• Guillermo Gallego
  • Huseyin Topaloglu
Part of the International Series in Operations Research & Management Science book series (ISOR, volume 279)


Early on, many airlines adopted the policy of not penalizing booked customers for canceling reservations at any time before departure. Some would not even penalize those that did not show up for booked flights. In essence, an airline ticket was “like money” since it could be used at full face value for a future flight or redeemed for cash at any future date. In the sixties, no-shows were becoming a problem for airlines who found that flights that were fully booked were departing with many empty seats. In response, the airlines began to overbook as a means of hedging against no-shows. If a flight had more passengers show than there were seats available, then the airlines would bump some passengers. The bumped passengers would be re-booked on a later flight. In addition, bumped passengers would be given other compensation, often a meal at the airport and a discount certificate applicable to future travel. The cost to the airline of bumping a passenger is called the denied boarding cost. The denied boarding cost would include the cost of putting a bumped passenger on another flight to her destination, the cost of any direct compensation to the bumped passenger, the cost of the meals or lodging that the airline provides to each bumped passenger, and the cost of “ill will” incurred by bumping the passenger. These costs can be different for each flight. For example, a passenger bumped from the last flight of the day will be provided with a hotel room at the airline’s expense.


  1. N. Aydin, S.I. Birbil, J.B.G. Frenk, N. Noyan, Single-leg airline revenue management with overbooking. Transp. Sci. 47 (4), 560–583 (2013)CrossRefGoogle Scholar
  2. R.E. Chatwin, Multiperiod airline overbooking with a single fare class. Oper. Res. 46 (6), 805–819 (1998)CrossRefGoogle Scholar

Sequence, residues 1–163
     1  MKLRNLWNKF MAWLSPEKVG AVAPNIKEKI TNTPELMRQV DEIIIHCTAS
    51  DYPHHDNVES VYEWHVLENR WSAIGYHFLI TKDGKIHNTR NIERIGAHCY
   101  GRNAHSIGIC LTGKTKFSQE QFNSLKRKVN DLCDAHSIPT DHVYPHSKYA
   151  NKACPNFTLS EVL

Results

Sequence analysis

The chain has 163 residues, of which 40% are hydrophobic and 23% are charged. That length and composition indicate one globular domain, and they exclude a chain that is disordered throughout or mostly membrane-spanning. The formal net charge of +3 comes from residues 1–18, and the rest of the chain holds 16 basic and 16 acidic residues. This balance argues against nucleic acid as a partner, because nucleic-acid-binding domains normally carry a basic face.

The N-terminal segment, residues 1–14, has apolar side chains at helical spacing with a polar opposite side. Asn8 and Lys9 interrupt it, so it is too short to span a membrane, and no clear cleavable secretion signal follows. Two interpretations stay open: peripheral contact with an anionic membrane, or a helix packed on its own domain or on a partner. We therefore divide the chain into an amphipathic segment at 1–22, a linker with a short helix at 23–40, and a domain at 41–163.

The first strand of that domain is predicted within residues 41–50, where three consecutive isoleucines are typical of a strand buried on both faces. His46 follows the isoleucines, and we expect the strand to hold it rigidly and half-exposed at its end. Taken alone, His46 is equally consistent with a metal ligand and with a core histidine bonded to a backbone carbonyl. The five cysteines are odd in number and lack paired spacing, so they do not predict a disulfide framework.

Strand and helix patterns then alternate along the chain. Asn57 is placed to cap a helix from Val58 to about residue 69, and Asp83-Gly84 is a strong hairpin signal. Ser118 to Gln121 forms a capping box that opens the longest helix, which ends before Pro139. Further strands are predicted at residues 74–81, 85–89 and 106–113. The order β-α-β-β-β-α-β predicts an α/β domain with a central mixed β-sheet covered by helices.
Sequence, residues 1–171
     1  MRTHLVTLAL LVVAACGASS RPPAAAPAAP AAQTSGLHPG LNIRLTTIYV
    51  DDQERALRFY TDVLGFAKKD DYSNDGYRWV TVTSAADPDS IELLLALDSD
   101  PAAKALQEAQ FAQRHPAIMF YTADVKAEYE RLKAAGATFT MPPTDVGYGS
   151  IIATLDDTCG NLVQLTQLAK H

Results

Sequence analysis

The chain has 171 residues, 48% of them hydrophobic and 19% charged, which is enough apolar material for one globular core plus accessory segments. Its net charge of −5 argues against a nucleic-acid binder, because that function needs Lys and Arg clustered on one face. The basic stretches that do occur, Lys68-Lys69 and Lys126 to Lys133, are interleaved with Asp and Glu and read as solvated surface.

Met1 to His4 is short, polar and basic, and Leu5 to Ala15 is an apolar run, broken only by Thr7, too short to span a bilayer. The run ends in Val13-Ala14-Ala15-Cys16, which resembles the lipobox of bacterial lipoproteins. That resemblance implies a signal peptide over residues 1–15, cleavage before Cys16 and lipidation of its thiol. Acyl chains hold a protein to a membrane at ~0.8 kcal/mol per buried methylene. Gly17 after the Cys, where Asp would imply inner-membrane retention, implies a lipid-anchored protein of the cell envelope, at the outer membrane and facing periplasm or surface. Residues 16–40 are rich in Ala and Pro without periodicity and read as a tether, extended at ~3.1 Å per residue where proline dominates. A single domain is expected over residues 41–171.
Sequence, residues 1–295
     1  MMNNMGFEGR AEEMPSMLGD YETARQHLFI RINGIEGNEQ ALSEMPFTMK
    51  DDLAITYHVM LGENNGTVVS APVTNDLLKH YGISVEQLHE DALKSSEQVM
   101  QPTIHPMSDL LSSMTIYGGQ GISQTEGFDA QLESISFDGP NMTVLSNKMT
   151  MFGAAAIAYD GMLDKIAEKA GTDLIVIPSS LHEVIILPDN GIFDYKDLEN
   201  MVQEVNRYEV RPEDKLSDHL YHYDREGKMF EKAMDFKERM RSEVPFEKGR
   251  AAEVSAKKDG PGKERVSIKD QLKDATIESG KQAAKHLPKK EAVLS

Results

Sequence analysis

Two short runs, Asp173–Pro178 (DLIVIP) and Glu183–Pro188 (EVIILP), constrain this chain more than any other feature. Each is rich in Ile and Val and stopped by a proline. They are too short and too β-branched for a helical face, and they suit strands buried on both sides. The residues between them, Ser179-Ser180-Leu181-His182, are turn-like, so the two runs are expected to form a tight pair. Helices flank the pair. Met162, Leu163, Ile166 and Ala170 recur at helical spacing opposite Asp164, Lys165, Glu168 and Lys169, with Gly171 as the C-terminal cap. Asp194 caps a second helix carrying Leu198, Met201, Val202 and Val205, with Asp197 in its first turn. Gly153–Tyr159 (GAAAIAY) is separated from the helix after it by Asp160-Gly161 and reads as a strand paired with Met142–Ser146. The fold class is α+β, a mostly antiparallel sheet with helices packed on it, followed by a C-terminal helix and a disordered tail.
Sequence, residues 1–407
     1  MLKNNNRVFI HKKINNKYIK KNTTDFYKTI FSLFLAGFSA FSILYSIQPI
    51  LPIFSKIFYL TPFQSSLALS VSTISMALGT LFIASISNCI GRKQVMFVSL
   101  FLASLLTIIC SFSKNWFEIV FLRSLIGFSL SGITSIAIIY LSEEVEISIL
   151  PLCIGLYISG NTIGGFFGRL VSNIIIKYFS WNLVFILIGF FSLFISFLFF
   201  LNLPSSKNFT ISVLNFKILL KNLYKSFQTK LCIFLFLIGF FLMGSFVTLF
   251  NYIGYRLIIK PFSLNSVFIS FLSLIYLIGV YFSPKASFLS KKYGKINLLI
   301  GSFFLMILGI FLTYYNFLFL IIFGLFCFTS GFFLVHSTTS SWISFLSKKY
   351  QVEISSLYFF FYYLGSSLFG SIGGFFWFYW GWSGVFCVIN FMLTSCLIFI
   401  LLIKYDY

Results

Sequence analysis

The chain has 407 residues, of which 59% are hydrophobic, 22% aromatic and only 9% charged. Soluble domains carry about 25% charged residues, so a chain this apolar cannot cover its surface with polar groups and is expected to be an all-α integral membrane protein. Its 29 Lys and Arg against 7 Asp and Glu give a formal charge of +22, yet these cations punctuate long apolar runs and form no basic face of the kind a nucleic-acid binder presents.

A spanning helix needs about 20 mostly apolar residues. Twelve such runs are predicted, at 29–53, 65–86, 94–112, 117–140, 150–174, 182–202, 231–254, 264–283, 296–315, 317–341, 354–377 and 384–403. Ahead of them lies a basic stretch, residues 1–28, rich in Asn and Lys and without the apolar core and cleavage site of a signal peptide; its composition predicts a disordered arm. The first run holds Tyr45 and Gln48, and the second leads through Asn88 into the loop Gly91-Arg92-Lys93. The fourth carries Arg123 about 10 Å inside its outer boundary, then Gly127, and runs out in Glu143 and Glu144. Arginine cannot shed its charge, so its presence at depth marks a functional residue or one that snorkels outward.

3. R.E. Chatwin, Continuous-time airline overbooking with time-dependent fares and refunds. Transp. Sci. 33 (2), 182–191 (1999)CrossRefGoogle Scholar
  4. J. Dai, A. Kleywegt, Y. Xiao, Network revenue management with cancellations and no-shows. Prod. Oper. Manag. 8(2), 292–318 (2019)CrossRefGoogle Scholar
  5. A. Erdelyi, H. Topaloglu, Separable approximations for joint capacity control and overbooking decisions in network revenue management. J. Revenue Pricing Manag. 8 (1), 3–20 (2009)CrossRefGoogle Scholar
  6. A. Erdelyi, H. Topaloglu, A dynamic programming decomposition method for making overbooking decisions over an airline network. INFORMS J. Comput. 22 (3), 443–456 (2010)CrossRefGoogle Scholar
  7. I. Karaesmen, G. van Ryzin, Overbooking with substitutable inventory classes. Oper. Res. 52 (1), 83–104 (2004a)CrossRefGoogle Scholar
  8. I. Karaesmen, G. van Ryzin, Coordinating overbooking and capacity control decisions on a network. Technical report, Columbia Business School (2004b)Google Scholar
  9. A. Kleywegt, An optimal control problem of dynamic pricing. Technical report, Georgia Institute of Technology, Atlanta, GA (2001)Google Scholar
  10. S. Kunnumkal, H. Topaloglu, A stochastic approximation algorithm to compute bid prices for joint capacity allocation and overbooking over an airline network. Nav. Res. Logist. 58 (4), 323–343 (2011b)CrossRefGoogle Scholar
  11. S. Kunnumkal, K. Talluri, H. Topaloglu, A randomized linear programming method for network revenue management with product-specific no-shows. Transp. Sci. 46 (1), 90–108 (2012)CrossRefGoogle Scholar
  12. C.J. Lautenbacher, S. Stidham, The underlying Markov decision process in the single-leg airline yield management problem. Transp. Sci. 33 (2), 136–146 (1999)CrossRefGoogle Scholar
  13. M. Rothstein, An airline overbooking model. Transp. Sci. 5 (2), 180–192 (1971)CrossRefGoogle Scholar
  14. J.L. Simon, An almost practical solution to airline overbooking. J. Trans. Econ. Policy 2 (2), 201–202 (1968)Google Scholar

Copyright information

© Springer Science+Business Media, LLC, part of Springer Nature 2019

Authors and Affiliations

  • Guillermo Gallego
    • 1
  • Huseyin Topaloglu
    • 2
  1. 1.Clearwater BayHong Kong
  2. 2.ORIECornell UniversityNew YorkUSA

Personalised recommendations